A pair of current college athletes filed an antitrust lawsuit against the NCAA and all of the Power 5 conferences Monday morning, presenting the latest challenge to the association's rules prohibiting athletes from making endorsement money while in school.
Oregon women's basketball player Sedona Prince and Arizona State swimmer Grant House are named as lead plaintiffs in the class action suit filed in northern California. The suit seeks an injunction to void the NCAA's current rules and damages "based on payments college athletes would have received if not for the NCAA's restraints," according to a statement from their attorneys.
"For all the hard work college athletes put in, for all the risks we take and injuries we sustain, and for all the money we generate, we should at least be able to share in the profits that can be made off of our own names, images and likenesses," Prince said in a news release. "If not us, who can rightfully claim that and profit from it?"
Prince is expected to be one of the top forwards in college basketball this coming season. The former five-star prospect sat out last season after transferring from Texas. Oregon coach Kelly Graves said he thinks Prince could be the No. 1 overall pick in the WNBA draft in the future. House is a record-setting swimmer for the Sun Devils; he took a redshirt season this past year to prepare for the now-postponed 2020 Tokyo Olympics.
Their complaint comes just months after the resolution of an appeal for a similar antitrust lawsuit against the NCAA filed in the same court. In that case -- Alston v. NCAA -- the judge ruled that the NCAA's rules violated antitrust law and ordered that schools should be allowed to cover any costs for athletes so long as they are related to education. These cases are the latest in a string of federal lawsuits that have chipped away at NCAA amateurism restrictions during the past decade.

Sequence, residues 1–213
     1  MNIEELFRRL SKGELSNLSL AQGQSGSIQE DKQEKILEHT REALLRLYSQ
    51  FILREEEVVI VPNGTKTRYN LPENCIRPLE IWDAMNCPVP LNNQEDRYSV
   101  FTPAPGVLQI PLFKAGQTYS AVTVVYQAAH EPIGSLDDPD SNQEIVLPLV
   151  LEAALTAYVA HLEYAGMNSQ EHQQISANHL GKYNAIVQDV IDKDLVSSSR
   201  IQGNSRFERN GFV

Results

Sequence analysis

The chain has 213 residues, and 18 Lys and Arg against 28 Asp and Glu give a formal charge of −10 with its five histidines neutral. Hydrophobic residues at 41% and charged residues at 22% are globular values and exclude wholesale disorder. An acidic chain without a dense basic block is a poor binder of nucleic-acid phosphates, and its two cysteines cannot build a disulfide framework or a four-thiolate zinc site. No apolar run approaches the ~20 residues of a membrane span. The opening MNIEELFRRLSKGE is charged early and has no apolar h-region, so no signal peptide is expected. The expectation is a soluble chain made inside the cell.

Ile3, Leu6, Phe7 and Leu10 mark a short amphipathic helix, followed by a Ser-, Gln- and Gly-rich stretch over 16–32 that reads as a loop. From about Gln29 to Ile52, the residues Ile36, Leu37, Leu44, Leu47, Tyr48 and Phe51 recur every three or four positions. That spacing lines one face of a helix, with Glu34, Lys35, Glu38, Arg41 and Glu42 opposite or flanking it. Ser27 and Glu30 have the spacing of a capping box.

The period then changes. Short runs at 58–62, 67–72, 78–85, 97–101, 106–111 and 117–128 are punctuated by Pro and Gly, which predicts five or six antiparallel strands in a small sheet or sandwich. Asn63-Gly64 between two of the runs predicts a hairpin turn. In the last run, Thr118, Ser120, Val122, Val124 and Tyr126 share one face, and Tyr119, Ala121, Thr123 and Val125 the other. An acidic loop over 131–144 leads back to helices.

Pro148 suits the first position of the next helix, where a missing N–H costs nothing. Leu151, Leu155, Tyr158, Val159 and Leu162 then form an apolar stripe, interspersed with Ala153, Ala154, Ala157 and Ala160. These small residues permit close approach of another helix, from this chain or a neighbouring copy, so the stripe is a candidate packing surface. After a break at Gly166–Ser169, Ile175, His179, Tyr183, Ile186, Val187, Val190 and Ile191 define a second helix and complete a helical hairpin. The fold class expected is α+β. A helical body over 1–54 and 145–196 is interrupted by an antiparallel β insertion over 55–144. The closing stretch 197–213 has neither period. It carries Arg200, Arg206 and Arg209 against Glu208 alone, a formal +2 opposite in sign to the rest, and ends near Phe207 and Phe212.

A spokeswoman from the law firm representing Prince and House said this suit provides new arguments due to the NCAA's recently announced proposal to relax it's rules governing how athletes are allowed to profit from their name, image and likeness rights. The NCAA announced plans to allow for some types of endorsement deals in late April, but won't vote until January 2021 on whether to accept the proposed changes.
The proposed changes came amid pressure from state and federal lawmakers to open up more opportunities for college athletes to make money. Last week, Florida officially passed a law that will make it illegal for schools to follow the NCAA's current rules for name, image and likeness rights starting in July 2021.
"For too long, the NCAA's bylaws, constitution and rules have governed all aspects of college sports, and we think these outdated and unnecessary regulations are unlawfully keeping college athletes from compensation that is rightfully theirs," attorney Steve Berman said.
The Hagens Berman law firm has represented college athletes in several cases against the NCAA in the past, including one class action case related to scholarships that was settled for $208 million and another related to the EA Sports' video game that was settled for $60 million.